“What kind of darkie do you want to buy?” he repeated. “You know, you don’t just buy a darkie. You buy a carpenter, a wheelwright, a blacksmith or a field hand. Now the field hand is the cheapest. Maybe $500. But some of those others could run you into real money. Maybe a thousand dollars. Now what kind of darkie do you want to buy today?”
I demurred, explaining that I would do my own work and was remonstrated that if I insisted on not buying a ‘darkie’ I would face lifetime penury. My tour partners were more amenable to playing slave-master. One said he would buy a carpenter for $800, the other a field hand for $500.
When we got to the site of the ante-bellum insurance company I again refused to play the game and insure my ‘darkie’. By now, I must have roused suspicions that I was not a fellow-traveler and my companions on the tour began to ask questions; what I did for a living, where I was from etc. They were excited when I told them my TV show was cancelled the day after Bill Clinton’s mistress made an appearance and more so when I told them I was a political radio broadcaster in New York. ‘Did I know Sean Hannity?’ ‘Yes. I worked in the same studio as he did and used to follow him on the air.’ ‘What was he like in real life?’ ‘Well, one to one he was a likeable enough, if shallow fellow but considering the requirements of the job he wasn’t all that bright.’ I quickly added that Mark Levin, on the other hand, was an extremely bright, well educated individual who surely must know better about the things he tells his audience.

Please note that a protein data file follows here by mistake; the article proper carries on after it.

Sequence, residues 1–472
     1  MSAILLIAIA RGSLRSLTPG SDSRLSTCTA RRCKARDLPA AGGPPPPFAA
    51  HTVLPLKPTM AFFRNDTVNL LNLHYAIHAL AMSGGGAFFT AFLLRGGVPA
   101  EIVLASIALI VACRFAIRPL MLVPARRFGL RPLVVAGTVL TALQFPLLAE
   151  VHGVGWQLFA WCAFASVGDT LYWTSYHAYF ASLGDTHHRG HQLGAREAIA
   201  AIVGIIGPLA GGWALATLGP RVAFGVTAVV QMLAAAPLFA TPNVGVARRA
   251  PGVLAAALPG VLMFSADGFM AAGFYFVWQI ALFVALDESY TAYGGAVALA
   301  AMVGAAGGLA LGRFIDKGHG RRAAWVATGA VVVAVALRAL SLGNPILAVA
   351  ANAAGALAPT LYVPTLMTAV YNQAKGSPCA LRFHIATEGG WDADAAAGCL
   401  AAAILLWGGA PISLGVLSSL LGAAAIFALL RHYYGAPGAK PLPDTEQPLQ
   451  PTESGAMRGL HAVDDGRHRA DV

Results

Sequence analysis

I wasn’t making any friends here.
‘And what do you do now?” one of them asked.
“I do a lot of fill in on Sirius Satellite Radio, but I’m on Sirius Left. You probably don’t listen to that channel…”
“You’re right. I would NEVER ever listen to that…” he assured me. He smirked: “So I guess you’re happy with YOUR president?”
“Not with everything,” I answered truthfully. “But you mean OUR president. He’s the American president. Just like George Bush. Bush was MY president even though I didn’t vote for him.”
“Obama’s not MY president!” he insisted and the others nodded in agreement.
Fortunately we were only halfway through the tour and as we moved on to General Beauregard’s house, the breathtaking homes on Bay Street, the Hunley Confederate Submarine monument, listening to our guide recite contemporaneous letters and compare scrap-book pictures of post-war destruction with modern renovation. There were only a few jibes about modern politics. I was told the slaves did not receive Obamacare and the plantation owners looked after their medical needs. That the mayor of Charleston was a lib supporter of Obama just like me. I held my tongue.